As we pulled into the parking space I pulled it out one last time.  I always listened for his heartbeat in the parking lots, before every doctor's appointment, every NST, every scan, every labor and delivery visit.  Once a very busy nurse practitioner couldn't get to me fast enough.  She entered the room while I was mid-doppler, in tears.  "I can do that for you?"  She offered, confused.  It's not that I felt his life was ever something I could control, I just didn't want any surprises.  Couldn't stand to watch them search ever again.  If his heart were to stop, his mother should know.  I had to know first. 

So we entered the room.  The room where we were to deliver a living baby.  Or so they assured me.  And once the monitor was placed on my stomach I felt a weight lift ever so slightly.  Someone else was in charge now.  Someone else was watching.  I could close my eyes for a moment. 

Labor went smoothly, albeit painful.  Strange how a body remembers, though.  It was never unbearable.  The whole time I was thinking, I've felt worse. 

In less than twelve hours he was in my arms, crying before I laid eyes on him.

And I think I was in shock.  Not the same shock as when I held you.  This was a happier, less stubborn shock.  I accepted that it was real.  This was happening, but I couldn't actually believe it.  I think that's the first thing I said when they handed him to me, all pink and crying and magnificent.  As your father cried on my shoulder, I looked to the nurse and I told her "I didn't think this would happen."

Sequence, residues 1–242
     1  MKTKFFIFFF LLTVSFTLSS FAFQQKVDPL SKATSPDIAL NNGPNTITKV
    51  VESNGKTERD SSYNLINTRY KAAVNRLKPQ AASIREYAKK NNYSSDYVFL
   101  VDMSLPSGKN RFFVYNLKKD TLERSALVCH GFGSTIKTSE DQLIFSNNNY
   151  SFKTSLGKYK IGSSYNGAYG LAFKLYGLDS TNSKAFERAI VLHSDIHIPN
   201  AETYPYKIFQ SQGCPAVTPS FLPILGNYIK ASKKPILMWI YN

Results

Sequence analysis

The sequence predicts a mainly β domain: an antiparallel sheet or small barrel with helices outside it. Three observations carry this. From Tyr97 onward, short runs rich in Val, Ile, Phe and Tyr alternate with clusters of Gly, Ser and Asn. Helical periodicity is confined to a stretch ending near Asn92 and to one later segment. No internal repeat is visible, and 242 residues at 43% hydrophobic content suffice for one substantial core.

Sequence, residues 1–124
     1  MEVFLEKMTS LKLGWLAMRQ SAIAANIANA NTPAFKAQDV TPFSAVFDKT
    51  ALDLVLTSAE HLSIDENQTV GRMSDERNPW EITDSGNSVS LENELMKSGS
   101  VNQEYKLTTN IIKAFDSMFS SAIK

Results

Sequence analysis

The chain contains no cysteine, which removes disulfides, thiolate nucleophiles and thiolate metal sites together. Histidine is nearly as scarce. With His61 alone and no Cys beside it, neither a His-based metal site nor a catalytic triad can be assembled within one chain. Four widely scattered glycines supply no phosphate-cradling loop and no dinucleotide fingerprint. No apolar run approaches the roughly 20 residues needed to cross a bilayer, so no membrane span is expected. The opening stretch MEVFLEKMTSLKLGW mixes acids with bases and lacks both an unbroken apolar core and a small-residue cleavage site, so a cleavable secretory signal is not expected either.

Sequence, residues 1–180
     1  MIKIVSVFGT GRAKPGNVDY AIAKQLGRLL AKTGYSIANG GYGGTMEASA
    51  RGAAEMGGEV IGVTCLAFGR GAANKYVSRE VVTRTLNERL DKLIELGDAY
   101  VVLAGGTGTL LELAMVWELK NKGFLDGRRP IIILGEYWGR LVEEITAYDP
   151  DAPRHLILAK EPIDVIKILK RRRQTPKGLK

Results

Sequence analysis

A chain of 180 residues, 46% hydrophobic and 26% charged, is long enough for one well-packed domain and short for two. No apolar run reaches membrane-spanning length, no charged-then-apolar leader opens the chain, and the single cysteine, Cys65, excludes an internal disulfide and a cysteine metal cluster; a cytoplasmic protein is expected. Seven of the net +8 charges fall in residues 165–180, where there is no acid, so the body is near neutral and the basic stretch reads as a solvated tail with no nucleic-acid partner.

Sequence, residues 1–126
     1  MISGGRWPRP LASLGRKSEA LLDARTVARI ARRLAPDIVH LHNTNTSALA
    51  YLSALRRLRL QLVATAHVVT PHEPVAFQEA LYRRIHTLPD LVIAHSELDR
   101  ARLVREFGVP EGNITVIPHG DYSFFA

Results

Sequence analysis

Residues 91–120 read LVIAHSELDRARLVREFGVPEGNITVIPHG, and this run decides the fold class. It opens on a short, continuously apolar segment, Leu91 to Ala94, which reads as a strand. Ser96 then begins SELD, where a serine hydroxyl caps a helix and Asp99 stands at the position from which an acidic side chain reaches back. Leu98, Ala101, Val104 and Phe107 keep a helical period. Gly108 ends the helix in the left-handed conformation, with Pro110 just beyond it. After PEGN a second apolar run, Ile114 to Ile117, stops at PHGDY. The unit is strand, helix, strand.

And everything went quickly, smoothly after that.  We held him for as long as we wanted.  No one asked for him back.  No one took him to a room to keep his body cool.  No one asked about our burial plans, our funeral home preferences.  There was no sign on our door alerting the hospital staff to our tragedy.  A baby was born.  Perfectly healthy.  People came bearing gifts, and two days later we got to take him home.

Lately, my time is spent in awe.  I stare a lot.  Mostly in disbelief.  I stare at his big, blue eyes, not yet able to focus on the mother who hovers just above their gaze. I stare at his tiny feet and I think about all the times they kicked me, all the momentary relief they provided from within.  I think about the person he has made of me, about the person I would be without him.  Without you. I think about all the blood thinners and scans and interventions and people who got him here safely.   I think about what your father said to me in the hospital after you died.  How you have a purpose, how it wasn't what we had planned.  How it's a purpose just the same.